Immigration reform and more is possible this year if both parties are willing to "narrow our focus," according to Kentucky Sen. Rand Paul, who made a call Sunday for cooperation.
"Are we willing to narrow our focus and go after things that we can agree to and get them done, or are we going to stay so polarized that we always have to have our way or the highway?" the Kentucky Republican told host David Gregory on NBC's "Meet the Press" on Sunday.
Paul, who has been mentioned as a possible contender for the Republican presidential nomination in 2016, made his call for cooperation just two days before President Barack Obama is set to deliver his State of the Union address to Congress Tuesday.
"The president and I don’t agree on every issue, but if you took 10 issues, I think there are two or three that we agree on," said Paul. "Why don’t we go after the issues that we agree on?"
For example, when it comes to immigration reform, while Republicans and Democrats don't agree on the comprehensive package, there are about half the items both sides can agree on. By narrowing the focus, at least some progress can be made on such issues, said Paul.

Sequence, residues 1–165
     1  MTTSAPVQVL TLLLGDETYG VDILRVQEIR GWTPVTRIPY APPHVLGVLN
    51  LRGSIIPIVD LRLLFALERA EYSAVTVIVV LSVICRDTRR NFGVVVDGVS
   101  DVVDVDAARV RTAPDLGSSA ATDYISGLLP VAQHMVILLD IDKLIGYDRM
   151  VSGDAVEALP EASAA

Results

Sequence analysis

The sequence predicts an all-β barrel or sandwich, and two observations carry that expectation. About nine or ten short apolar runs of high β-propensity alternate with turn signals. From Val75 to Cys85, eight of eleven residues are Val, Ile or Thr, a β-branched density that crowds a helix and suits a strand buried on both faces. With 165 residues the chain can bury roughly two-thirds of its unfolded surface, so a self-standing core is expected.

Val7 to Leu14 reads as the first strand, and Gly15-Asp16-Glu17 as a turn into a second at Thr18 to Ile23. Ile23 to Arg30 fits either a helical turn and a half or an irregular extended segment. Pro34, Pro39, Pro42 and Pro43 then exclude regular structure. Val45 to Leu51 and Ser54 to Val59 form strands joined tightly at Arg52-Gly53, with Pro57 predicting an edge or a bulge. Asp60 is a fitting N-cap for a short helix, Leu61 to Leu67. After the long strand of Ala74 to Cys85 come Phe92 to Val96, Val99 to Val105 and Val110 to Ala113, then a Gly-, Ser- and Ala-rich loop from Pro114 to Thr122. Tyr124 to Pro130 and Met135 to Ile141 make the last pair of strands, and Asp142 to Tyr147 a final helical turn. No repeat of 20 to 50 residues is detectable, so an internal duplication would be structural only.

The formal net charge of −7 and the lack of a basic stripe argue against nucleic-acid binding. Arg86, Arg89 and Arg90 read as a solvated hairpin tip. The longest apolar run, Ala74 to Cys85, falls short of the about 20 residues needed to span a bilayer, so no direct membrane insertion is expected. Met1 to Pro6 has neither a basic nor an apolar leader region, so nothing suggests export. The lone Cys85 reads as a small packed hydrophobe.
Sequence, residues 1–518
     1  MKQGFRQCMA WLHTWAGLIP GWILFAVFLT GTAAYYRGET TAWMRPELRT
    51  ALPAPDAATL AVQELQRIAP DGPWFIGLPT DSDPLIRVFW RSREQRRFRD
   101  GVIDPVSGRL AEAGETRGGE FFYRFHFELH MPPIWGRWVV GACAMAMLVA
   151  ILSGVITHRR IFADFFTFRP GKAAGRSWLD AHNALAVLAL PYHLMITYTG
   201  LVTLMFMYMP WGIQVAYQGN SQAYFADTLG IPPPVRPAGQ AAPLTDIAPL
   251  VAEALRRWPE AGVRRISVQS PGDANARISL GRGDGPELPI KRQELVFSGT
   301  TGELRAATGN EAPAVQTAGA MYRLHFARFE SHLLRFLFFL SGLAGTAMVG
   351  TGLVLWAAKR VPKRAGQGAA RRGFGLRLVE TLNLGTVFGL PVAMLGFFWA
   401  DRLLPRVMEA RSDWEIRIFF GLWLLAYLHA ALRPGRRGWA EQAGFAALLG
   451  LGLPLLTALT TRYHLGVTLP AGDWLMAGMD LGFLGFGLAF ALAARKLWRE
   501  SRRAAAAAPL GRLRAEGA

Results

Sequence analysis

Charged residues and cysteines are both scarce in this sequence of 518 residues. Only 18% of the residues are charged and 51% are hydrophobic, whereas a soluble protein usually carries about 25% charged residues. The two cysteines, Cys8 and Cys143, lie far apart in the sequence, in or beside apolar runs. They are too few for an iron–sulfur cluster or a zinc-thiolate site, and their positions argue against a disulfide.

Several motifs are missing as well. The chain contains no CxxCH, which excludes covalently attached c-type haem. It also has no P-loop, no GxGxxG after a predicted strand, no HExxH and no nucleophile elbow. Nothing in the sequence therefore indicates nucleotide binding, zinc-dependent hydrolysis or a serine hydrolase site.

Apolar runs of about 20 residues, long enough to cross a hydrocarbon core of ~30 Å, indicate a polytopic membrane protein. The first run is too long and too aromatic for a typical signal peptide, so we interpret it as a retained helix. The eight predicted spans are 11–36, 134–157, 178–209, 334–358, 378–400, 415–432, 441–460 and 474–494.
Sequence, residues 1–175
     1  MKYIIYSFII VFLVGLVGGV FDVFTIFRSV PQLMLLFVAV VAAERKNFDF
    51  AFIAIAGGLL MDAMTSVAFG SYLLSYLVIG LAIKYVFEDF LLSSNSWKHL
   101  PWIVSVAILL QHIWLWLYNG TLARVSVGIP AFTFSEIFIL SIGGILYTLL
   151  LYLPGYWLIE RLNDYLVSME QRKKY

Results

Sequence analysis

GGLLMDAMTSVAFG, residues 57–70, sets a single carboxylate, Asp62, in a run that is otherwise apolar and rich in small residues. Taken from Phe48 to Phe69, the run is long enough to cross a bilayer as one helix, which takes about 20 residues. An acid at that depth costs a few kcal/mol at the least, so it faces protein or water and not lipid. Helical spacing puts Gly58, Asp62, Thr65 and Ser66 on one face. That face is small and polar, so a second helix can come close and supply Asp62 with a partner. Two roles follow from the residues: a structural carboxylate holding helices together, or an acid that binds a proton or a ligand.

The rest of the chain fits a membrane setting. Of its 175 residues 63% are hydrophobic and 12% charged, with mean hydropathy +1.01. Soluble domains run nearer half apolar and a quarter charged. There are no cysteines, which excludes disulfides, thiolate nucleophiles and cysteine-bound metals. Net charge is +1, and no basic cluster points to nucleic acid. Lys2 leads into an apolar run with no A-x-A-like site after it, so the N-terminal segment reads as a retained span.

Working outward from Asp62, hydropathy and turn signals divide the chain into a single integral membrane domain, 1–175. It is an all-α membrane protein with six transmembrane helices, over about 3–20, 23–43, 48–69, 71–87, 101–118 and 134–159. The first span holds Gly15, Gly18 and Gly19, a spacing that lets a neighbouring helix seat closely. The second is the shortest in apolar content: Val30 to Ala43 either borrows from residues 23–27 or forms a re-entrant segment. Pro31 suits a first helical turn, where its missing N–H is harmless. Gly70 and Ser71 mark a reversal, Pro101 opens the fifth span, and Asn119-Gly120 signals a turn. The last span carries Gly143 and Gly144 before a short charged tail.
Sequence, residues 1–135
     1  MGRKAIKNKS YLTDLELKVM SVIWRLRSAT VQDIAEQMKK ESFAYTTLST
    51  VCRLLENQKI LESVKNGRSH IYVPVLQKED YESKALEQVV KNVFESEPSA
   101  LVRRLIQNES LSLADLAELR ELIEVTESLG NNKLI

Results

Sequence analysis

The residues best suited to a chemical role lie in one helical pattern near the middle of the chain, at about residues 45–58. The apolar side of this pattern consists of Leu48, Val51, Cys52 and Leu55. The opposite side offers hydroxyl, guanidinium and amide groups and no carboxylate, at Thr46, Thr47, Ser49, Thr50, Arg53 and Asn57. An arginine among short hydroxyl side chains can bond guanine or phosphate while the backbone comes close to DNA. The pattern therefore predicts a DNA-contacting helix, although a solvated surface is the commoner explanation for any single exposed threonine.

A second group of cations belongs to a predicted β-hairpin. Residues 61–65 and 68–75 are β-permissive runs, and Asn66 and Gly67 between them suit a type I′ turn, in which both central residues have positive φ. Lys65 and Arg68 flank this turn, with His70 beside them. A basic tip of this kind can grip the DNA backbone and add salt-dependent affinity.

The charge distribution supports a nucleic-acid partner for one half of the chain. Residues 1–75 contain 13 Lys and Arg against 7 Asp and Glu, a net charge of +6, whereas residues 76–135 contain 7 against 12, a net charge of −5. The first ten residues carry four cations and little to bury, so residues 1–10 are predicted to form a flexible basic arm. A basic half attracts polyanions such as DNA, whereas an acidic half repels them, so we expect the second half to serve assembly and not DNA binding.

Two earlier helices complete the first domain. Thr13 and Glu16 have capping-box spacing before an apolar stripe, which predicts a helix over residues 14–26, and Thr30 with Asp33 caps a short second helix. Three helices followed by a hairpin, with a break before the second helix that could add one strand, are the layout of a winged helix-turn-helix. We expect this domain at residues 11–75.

Meanwhile, the Kentucky senator, in a widely ranging interview with Gregory, also discussed various other items, including a front-page article in Sunday's New York Times
that discusses his attempts to take the libertarianism views of his father, Ron Paul, in to the mainstream.
"I think there always are perceptions of what is extreme versus what is mainstream," Paul told Gregory. "I've always said that, you know, spending what comes in, balancing your budget, is actually the very reasonable sort of proposal, and spending $1 trillion you don't have is an extreme proposal."
Paul also discussed other potential Republican nominees, including Mike Huckabee's comments
this week on the Democrats' "war on women" claims, and New Jersey Gov. Chris Christie.
"If there is a war on women," I think they won, said Paul. "The women in my family are incredibly successful...I don't see so much that women are downtrodden. I see women rising up and doing great things. And I try to never have discussions of anatomy unless I'm at a medical conference."
Paul, about Christie, said there is always room for moderate Republicans, like the New Jersey governor, but "the primary is a very conservative process. My understanding is that it will be more difficult for a moderate to make it through."
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